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Monthly Downloads: 44
Programming language: Elixir
License: MIT License
Latest version: v1.1.1

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README

Hypex

Build Status Coverage Status Hex.pm Version Documentation

Hypex is a fast HyperLogLog implementation in Elixir which provides an easy way to count unique values with a small memory footprint. This library is based on the paper documenting the algorithm written by Philippe Flajolet et al.

Installation

Hypex is available on Hex. You can install the package via:

  1. Add hypex to your list of dependencies in mix.exs:
def deps do
  [{ :hypex, "~> 1.1" }]
end
  1. Ensure hypex is started before your application:
def application do
  [applications: [:hypex]]
end

Usage

Hypex is extremely straightforward to use, you simply create a new Hypex instance and start adding values to it:

iex> hypex = Hypex.new(4)
{Hypex.Array, 4, {:array, 16, 0, 0, 100}}
iex> hypex = Hypex.update(hypex, "my term")
{Hypex.Array, 4,
 {:array, 16, 0, 0,
  {10, {0, 2, 0, 0, 0, 0, 0, 0, 0, 0}, 10, 10, 10, 10, 10, 10, 10, 10, 10}}}
iex> hypex |> Hypex.cardinality |> round
1

The 4 being passed to Hypex.new/1 is the width which determines the underlying memory structure of a Hypex instance. This value can be within the range 4 <= width <= 16, per the HyperLogLog algorithm. If you don't provide a width, it defaults to 16. Be aware that you should typically scale this number higher based upon the more unique values you expect to see.

For any other examples of how to use Hypex, please read the documentation.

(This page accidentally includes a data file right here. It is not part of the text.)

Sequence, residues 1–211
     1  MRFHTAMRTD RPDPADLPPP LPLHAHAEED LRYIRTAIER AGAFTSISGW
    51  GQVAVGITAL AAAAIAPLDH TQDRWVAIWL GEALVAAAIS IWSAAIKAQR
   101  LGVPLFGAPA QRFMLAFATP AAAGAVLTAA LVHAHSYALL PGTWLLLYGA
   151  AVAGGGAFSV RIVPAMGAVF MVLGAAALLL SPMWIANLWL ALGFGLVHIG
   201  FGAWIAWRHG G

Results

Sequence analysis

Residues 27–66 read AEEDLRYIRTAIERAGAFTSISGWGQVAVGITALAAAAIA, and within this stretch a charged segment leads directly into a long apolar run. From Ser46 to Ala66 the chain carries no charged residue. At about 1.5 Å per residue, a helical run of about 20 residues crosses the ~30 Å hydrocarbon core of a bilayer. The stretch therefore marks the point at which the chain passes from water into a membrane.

Memory Optimization

As of v1.1.0, the default implementation has moved from a Bitstring to an Erlang Array. This is mainly due to Arrays performing faster on all operations when compared with Bitstrings. However in the case that you're operating in a low-memory environment (or simply want predictable memory usage), you might still wish to use the Bitstring implementation. You can do this by simply using Hypex.new(4, Bitstring) when creating a Hypex.

A rough memory estimate (in bytes) for a Bitstring Hypex can be calculated using the formula ((2 ^ width) * width) / 8 - although this will only include the memory of the registers and not the rest of the tuple structure (which should be minimal). This means that using the highest width available of 16, your memory usage will still only be 131,072 bytes.

At this point I don't know of a good way to measure the size of the Array implementation, but a rough estimate would suggest that it's probably within the range of 6-8 times more memory (if anyone can help measure, I'd appreciate it). Still, this amount of memory shouldn't pose an issue for most systems, and the throughput likely matters more to most users.

Rough Benchmarks

Below are some rough benchmarks for Hypex instances with the different underlying structures. Note that the update/2 tests are inserting a unique value - in the case a duplicate value is inserted, the operation is typically constant across widths at under 0.5 µs/op.

These tests use a width of 4, so it should be noted that larger widths will have slower performance. However, these benchmarks are for reference only and you should gauge which widths work best for the data you're operating with, rather than the performance shown below.

## Array Hypex

Array Hypex.new/1                0.53 µs/op
Array Hypex.update/2             2.13 µs/op
Array Hypex.cardinality/1        6.87 µs/op
Array Hypex.merge/2              16.61 µs/op

## Bitstring Hypex

Bitstring Hypex.new/1            0.46 µs/op
Bitstring Hypex.update/2         2.13 µs/op
Bitstring Hypex.cardinality/1    6.70 µs/op
Bitstring Hypex.merge/2          8.69 µs/op

Contributions

If you feel something can be improved, or have any questions about certain behaviours or pieces of implementation, please feel free to file an issue. Proposed changes should be taken to issues before any PRs to avoid wasting time on code which might not be merged upstream.

If you do make changes to the codebase, please make sure you test your changes thoroughly, and include any unit tests alongside new or changed behaviours. Hypex currently uses the excellent excoveralls to track code coverage.

$ mix test
$ mix coveralls
$ mix coveralls.html && open cover/excoveralls.html